I don’t like paying for health care that does more harm than good. It makes me mad. Yet, as a taxpayer, I’m doing just that. According to reporting by Sandra Boodman, Medicare is reimbursing providers for screenings, among other things, that should not be conducted on older patients.
First, let’s see what the evidence tells us about certain types of screening for older patients:
- “The USPSTF recommends against routine screening for colorectal cancer in adults age 76 to 85 years. There may be considerations that support colorectal cancer screening in an individual patient. The USPSTF recommends against screening for colorectal cancer in adults older than age 85 years” (US Preventative Services Task Force, October 2008).
- “The USPSTF recommends against screening for prostate cancer in men age 75 years or older” (US Preventative Services Task Force, August 2008).
- “The USPSTF recommends against routinely screening women older than age 65 for cervical cancer if they have had adequate recent screening with normal Pap smears and are not otherwise at high risk for cervical cancer” (US Preventative Services Task Force, January 2003).
- “[T]he probability of overdiagnosis and unnecessary earlier treatment increases dramatically after about age 70 or 75 years [for breast cancer]. Overdiagnosis and unnecessary earlier treatment are important potential harms from screening women in this age group” (US Preventative Services Task Force, December 2009). Note, however, evidence is insufficient to assess the benefits and harms for women after age 75.
In general, many screenings for older patients are not recommended by the USPSTF because those patients are likely to die of causes unrelated to the screening. For example, there’s little point in detecting a cancer in a 95 year old that will take a decade or more to develop. There’s certainly no point in routinely screening many 95 year olds for such cancers. And yet, as Boodman reports, Medicare is paying for many unnecessary tests done on older patients, many with a terminal illness, who are unlikely to benefit from them.
Researchers in June reported in the journal Cancer that nearly half of primary-care doctors would advise a woman with terminal lung cancer to get a routine mammogram — even if she was 80 years old. A 2010 study in the Journal of the American Medical Association of more than 87,000 Medicare patients found that a “sizeable proportion” with advanced cancers continued to be screened for other malignancies. Last May, Texas researchers reported in the Archives of Internal Medicine that 46 percent of 24,000 Medicare recipients with a previous normal test underwent a repeat colonoscopy in less than seven years and sometimes as few as three — compared with the 10 years recommended by the task force. In nearly a quarter of cases, the repeat test was performed for no discernible reason. (Medicare is supposed to cover the screening test, which can cost about $2,000, only once a decade if no cancer or polyps have been found, but the program paid for all but 2 percent of the procedures reviewed by the Texas researchers.)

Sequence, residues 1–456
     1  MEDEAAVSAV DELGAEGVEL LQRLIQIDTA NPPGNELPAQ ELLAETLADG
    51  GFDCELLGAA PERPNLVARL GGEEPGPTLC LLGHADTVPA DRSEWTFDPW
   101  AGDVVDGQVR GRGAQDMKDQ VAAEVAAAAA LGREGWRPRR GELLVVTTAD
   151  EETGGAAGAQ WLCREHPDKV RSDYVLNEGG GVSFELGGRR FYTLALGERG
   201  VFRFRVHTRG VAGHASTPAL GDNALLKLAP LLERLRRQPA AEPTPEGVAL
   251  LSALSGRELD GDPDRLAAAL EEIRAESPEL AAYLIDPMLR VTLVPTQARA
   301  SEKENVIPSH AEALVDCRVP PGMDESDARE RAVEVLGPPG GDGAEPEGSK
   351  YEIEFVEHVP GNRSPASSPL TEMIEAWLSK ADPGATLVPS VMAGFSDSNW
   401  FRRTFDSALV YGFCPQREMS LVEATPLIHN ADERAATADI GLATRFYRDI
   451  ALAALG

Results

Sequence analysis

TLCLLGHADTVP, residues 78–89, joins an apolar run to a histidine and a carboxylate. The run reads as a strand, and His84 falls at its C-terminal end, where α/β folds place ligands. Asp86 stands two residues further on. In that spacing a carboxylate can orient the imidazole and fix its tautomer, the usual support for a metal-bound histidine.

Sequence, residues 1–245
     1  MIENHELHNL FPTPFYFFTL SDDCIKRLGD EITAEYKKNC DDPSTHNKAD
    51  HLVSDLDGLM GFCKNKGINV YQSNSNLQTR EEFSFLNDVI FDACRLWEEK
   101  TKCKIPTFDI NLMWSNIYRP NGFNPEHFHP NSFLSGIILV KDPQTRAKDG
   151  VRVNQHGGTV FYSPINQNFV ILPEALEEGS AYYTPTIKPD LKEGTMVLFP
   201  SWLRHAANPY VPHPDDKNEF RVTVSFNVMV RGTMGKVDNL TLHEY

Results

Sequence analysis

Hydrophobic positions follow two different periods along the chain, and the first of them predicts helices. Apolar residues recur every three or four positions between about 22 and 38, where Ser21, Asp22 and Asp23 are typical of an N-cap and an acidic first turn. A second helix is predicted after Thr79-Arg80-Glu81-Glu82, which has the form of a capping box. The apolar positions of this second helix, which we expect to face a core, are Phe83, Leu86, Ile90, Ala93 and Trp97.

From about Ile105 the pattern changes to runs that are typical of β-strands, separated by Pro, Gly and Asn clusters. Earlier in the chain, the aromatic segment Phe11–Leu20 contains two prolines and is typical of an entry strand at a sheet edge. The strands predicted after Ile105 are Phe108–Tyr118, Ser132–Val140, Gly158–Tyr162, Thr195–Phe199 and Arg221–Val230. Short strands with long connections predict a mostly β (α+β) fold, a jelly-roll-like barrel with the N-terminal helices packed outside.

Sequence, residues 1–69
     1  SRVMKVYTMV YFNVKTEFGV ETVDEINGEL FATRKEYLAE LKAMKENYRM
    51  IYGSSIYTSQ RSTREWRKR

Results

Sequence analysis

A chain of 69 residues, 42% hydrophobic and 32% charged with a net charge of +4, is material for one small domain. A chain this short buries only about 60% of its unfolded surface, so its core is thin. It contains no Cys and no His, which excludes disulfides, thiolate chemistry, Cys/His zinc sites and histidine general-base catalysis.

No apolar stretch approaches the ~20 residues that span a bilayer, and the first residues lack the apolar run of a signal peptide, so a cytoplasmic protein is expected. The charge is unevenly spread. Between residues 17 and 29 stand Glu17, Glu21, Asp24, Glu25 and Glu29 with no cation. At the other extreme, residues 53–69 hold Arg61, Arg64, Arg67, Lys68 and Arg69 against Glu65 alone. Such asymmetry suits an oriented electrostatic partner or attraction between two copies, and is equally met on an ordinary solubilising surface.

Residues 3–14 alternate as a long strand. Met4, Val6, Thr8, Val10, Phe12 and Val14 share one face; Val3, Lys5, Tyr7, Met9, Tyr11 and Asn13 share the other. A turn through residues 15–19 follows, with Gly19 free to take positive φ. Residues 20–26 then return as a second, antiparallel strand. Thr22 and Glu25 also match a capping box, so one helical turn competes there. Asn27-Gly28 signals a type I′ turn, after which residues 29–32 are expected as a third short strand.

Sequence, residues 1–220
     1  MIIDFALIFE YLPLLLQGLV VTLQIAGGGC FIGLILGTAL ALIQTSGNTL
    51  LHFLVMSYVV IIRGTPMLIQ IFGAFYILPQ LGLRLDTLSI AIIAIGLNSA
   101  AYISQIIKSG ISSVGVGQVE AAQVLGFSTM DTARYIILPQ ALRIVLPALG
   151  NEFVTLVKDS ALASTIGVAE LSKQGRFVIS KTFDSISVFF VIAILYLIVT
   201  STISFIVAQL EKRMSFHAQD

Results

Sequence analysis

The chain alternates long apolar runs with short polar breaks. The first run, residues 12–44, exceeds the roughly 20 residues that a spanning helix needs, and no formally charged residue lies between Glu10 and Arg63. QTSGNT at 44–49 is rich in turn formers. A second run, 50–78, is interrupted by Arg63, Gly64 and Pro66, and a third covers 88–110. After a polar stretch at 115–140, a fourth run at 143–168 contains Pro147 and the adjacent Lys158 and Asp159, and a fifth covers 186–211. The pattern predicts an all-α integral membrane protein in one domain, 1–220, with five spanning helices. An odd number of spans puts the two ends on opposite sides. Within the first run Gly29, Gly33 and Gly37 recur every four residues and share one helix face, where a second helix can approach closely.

Except, perhaps, by the health care providers that receive payment for such testing, who can possibly consider this good? Why is this not a tremendous waste of money and unnecessarily risky and harmful to patents (psychologically, if not physically)? What ever happened to “first do no harm” (primum non nocere)? Is it still taught in medical schools?
But, here’s the part of Boodman’s piece that really caught my attention. I don’t mean to pick on the physician she quotes, but what he said really makes me mad.
“I think we need to say we can’t do everything for everybody, and it doesn’t make sense,” said Washington radiologist Mark Klein, who recently performed a virtual colonoscopy on a 99-year-old woman. Klein said he considered not doing the procedure but decided to go ahead because he didn’t learn how old the patient was until she was lying on the table, having undergone the prep.
What kind of excuse is that? Did he explain to the patient or her family that a mistake had been made and she didn’t need the test? If he did, he didn’t say so. Did he ask the patient if she wanted the test anyway? If he did, he didn’t say so. Or did he just assume the patient wouldn’t mind the use of her time and a dose of radiation? What additional steps have been added to the “prep” so that someone remembers to check the patient’s age? Did the physician who ordered this test know the patient’s age? If not, why not?
The whole thing stinks. It’s a waste. And what we know is probably the tip of the iceberg. Are you a taxpayer? You’re paying for that iceberg.*
* However, you are not funding Medicare-reimbursed virtual colonoscopies. The program doesn’t pay for them.